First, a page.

“Praxitella” and “The Little Seamstress”

  As I walk around the room my eyes turn from single portraits of men to groups of them, all heads down with white hats on. I push on further and am suddenly struck by two paintings side by side. I think, besides me, they are the only other women in this part of the gallery. My eyes flicker and scan the tittles placed at the right of either painting. Praxitella and The Little Seamstress.. A stone woman glares down at me, demanding questions or answers, whichever I have. It seems almost like a reversal of Medusa, only this time…

Queen & Country: Art and Memorial

In 2008 the Turner Prize-Winning artist Steve McQueen produced the artwork Queen & Country. Having been commissioned in 2003 by the Imperial War Museum to create a piece commemorating those who lost their lives in the Iraq War, McQueen finally came up with his exhibit. Queen and Country consists of a sheet of 150 postage…

‘Art Hides His Art’: Thomas Hutton at Studioli

The temptation is to touch. The glowing white surface hypnotises; it appears to emit its own light. This pure light is reflected distantly in the deep blackness of the surrounding wall mirrors. There the glowing pillows appear to float alone in outer space, eerily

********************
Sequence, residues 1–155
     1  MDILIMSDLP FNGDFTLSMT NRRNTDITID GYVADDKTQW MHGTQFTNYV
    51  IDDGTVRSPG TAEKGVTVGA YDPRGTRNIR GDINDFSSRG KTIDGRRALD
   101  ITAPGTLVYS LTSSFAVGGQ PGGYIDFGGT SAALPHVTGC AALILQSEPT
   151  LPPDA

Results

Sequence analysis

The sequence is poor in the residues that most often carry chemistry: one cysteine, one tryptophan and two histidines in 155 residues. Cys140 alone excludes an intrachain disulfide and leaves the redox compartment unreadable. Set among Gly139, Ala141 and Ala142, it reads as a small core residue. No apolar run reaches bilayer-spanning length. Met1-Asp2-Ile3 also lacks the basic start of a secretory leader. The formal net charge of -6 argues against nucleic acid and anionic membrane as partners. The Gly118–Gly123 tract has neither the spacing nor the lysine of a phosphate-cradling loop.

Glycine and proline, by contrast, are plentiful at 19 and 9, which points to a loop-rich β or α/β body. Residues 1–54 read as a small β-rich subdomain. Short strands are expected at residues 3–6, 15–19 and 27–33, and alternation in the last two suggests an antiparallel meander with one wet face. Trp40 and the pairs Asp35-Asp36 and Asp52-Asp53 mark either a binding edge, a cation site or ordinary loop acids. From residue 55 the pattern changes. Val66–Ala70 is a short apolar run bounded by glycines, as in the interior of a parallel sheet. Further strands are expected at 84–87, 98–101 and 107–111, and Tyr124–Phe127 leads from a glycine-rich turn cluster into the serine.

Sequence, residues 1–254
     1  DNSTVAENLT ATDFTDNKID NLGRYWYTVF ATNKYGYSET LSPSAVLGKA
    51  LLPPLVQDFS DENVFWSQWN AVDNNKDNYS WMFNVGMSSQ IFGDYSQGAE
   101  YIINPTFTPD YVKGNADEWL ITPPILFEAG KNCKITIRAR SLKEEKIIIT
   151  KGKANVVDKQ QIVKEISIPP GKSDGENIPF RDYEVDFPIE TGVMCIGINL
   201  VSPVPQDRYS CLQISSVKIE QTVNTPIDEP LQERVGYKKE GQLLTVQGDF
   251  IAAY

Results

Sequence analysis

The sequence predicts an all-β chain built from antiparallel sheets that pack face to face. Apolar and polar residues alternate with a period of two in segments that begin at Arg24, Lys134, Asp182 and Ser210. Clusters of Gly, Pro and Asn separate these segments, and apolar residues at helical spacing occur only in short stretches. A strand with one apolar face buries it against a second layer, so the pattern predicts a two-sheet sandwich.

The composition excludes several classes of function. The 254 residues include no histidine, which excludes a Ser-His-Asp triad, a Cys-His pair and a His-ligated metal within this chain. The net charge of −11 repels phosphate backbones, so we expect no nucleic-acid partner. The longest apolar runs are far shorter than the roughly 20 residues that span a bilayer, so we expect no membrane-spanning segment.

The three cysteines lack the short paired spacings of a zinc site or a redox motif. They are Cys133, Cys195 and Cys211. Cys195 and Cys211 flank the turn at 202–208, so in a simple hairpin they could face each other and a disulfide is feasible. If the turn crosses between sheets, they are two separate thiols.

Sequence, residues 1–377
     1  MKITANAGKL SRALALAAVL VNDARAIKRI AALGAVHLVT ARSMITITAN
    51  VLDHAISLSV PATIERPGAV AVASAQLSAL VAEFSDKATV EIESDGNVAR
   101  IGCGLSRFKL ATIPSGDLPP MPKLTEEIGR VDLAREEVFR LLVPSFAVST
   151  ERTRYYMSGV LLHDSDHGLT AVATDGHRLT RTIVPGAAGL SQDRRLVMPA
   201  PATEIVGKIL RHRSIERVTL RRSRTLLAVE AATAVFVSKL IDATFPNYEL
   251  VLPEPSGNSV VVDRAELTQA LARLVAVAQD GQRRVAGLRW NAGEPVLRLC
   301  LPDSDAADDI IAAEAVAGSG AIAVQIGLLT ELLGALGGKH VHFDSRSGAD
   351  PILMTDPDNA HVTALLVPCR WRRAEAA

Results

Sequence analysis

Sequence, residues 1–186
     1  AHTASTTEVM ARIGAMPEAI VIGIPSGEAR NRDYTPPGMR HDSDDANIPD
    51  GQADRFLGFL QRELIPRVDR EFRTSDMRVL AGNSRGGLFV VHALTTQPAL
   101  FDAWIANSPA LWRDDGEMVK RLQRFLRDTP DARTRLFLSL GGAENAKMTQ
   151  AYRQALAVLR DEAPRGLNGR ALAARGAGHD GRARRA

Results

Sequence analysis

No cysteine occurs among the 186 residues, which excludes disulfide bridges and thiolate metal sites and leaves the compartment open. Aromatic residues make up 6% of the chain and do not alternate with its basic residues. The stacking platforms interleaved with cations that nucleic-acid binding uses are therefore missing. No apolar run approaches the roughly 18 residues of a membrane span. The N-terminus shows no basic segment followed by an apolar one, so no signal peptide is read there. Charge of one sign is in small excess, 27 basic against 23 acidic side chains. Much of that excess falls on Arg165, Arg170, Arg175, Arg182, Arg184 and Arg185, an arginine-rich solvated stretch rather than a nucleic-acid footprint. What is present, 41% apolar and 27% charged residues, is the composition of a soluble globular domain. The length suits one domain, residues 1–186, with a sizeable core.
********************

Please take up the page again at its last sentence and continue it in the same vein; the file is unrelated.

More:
Feeling, Not Looking

A personal exploration of my experiences with the collaborative work, Do Not Abandon Me, by Louise Bourgeois and Tracey Emin.

Making Art by Accident

By Noah Schmutz   I went to Tate Modern this weekend. Among the paintings displayed on the walls, there was a notice, different from the usual notice of the paintings, some kind of advertisement for another level of the art gallery: “Can a work of art be made by accident? Discover more on level…” (I…

Belfast Street Art: Curating the Urban Space

by Rebecca Gill   Belfast has been plagued by political unrest for many years, the conflict reaching its peak between the 60’s and the 90’s. Like Berlin and Bethlehem, a city divided by walls built up from the political strife, the city’s troubles are traced onto the urban space through its murals marking out Protestant…

Teju Cole’s Instagram Art

by Anna Shave       Our consumption of art in the contemporary moment has, without question, been altered by the growing and pervasive influence of Instagram. We are more inclined to be searching for that perfectly ‘Instagrammable’ shot to capture and upload when surrounded by art, potentially fed by a desire to gain ‘likes’…

“Image Anarchism” in Digital Curatorship

By Esther Vincent   Undoubtedly, the democratic and accessible facets of internet platforms tend to appeal to both artists and consumers alike. Particularly when regarding the rise of content sharing platforms such as Tumblr, internet users are increasingly sharing visual content as a way of constructing their own identity. This raises its own series of…